ILFORD Technical Service Note
Revised Film Speed Meter Settings

The following readers query, and Ilford Ltd's reply (via a Technical Service Note) is taken from "Mailbag" in "35mm and Sub-Miniature Photography" magazine for December 1960.
   

Speed Confusion

Sir,- As a regular reader of your magazine, I would like to use some of your valuable space in order to bring to light a rather confusing state of affairs. I hope that this may lead to a clarification of the situation by the company concerned, namely Ilford Ltd.
I recently purchased a reload of HP3 miniature film,

On the carton,
the speed ratings were given as:
ASA, WESTON 200
BSI, SCHEINER 34°
DIN 24°

On the leaflet inside the carton,
the speed ratings were given as:
ASA, WESTON 400
BSI, SCHEINER 37°
DIN 27°


Could you explain the difference or, better still, publish a statement by Ilford Ltd?
Having discussed this matter with my friends, I find that a similar situation exists with regard to FP3 miniature film - perhaps we could 'kill two birds with one stone'.
BISHOP'S STORTFORD. GEOFFREY G. PERRY.

   
"35mm and Sub-Miniature Photography" magazine replied:
We publish Ilford's statement below, Mr. Perry, and hope that it will help to clarify the situation.

REVISED METER SETTINGS: An Ilford Technical Service Note

A REVISION of American Standard PH 2.5 - 1954 (Method of Determining Speed of Photographic Negative Materials, Monochrome, Continuous-Tone) has recently been published as ASA PH 2.5 - 1960. From the user's point of view the primary difference between the revised and the original ASA methods is the setting up of a new scale of speed numbers which, when used with the majority of present-day exposure meters will result in a camera exposure only slightly greater than the minimum necessary for producing a negative of excellent printing quality. The purpose is to reduce to a narrow margin the safety factor associated with the Exposure Index defined in the previous American Standard.
Two systems for expressing speed are laid down by the new Standard. The first (arithmetic) system results in a series of numbers which are approximately twice those resulting from the old ASA system when applied to the same photographic materials. The second system is based on a logarithm-to-base 2 scale and is intended to form an essential part of a simplified system for taking account of the variables in camera exposure, namely subject luminance, shutter speed, lens aperture and emulsion speed. This system will be identified as the Additive System of Photographic Exposure (APEX).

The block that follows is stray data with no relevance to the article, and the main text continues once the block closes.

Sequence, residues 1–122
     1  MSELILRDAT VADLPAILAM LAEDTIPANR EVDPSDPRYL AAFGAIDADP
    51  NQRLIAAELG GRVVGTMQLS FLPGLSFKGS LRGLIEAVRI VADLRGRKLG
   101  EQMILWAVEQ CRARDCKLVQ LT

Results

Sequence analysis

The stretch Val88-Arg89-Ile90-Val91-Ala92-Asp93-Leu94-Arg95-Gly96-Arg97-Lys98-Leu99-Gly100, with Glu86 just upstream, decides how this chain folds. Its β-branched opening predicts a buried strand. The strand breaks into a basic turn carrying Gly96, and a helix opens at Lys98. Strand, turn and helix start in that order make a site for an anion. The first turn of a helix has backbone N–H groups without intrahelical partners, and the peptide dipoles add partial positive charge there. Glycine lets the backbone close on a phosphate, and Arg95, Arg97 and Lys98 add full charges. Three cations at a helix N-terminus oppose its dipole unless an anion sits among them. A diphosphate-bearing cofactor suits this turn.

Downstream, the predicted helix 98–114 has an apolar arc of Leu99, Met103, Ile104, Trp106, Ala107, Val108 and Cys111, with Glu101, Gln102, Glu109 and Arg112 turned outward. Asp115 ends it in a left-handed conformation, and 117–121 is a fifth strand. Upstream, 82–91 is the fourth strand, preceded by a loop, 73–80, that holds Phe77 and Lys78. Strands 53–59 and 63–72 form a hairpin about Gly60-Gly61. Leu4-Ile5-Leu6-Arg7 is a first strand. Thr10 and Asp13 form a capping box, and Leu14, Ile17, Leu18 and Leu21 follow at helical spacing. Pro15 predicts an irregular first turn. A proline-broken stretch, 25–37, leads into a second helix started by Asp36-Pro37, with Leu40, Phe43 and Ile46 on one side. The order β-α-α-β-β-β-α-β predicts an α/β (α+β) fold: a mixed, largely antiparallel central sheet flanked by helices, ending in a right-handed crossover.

It is expected that this second, logarithmic, system will take some time to become established, since camera and exposure meter dial markings will need to be altered to incorporate it. The new arithmetic system will, on the other hand, be taken into use immediately by photographers, many of whom have for some time made a practice of rating materials higher than the manufacturers' recommendations. Ilford Limited will therefore be altering immediately the meter settings on cartons, instruction leaflets and elsewhere to show the revised figures with minimum safety factor. The new American Standard does not specify a logarithm-to-base 10 speed similar either to that used by the old ASA and the current British Standard, or to that of the DIN, but the meter settings recommended for use with meters scaled in BS and DIN will also be altered immediately to minimise the safety factor. The revised figures will be identified by the heading "Meter Settings for minimum exposure". Only at some later date will the logarithm-to-base 2 system be featured.

At the present time only the American Standard has been published in revised form. It is expected however, that the appropriate British and German Standards will quickly follow on similar lines and that the way will then be clear to an International Standard. (Note: In fact, the relevant BS 1380 didn't finally arrive until 1963).

Ilford materials are listed below showing the old and new meter settings, including the log2 figures. It is stressed that the materials themselves remain unchanged.

35mm. MINIATURE FILMS

OLD METER SETTINGS
METER SETTINGS FOR MINIMUM EXPOSURE

ASA

BS

DIN

ASA

BS

DIN

Log2
HPS

400

37°

27°

800

40°

30°

HP3

200

34°

24°

400

37°

27°

FP3 Series 2

64

29°

19°

125

32°

22°

5.5°
PanF

25

25°

15°

50

28°

18°


Note: Although the above table refers to "35mm miniature film", this is believed to be simply because the query had been raised from 35mm Photography magazine. The author of this web page believes that the same advised speed changes applied to ALL black & white emulsions at that time, 35mm, roll film, cut film and plate.

This page last updated: 28rd May 2012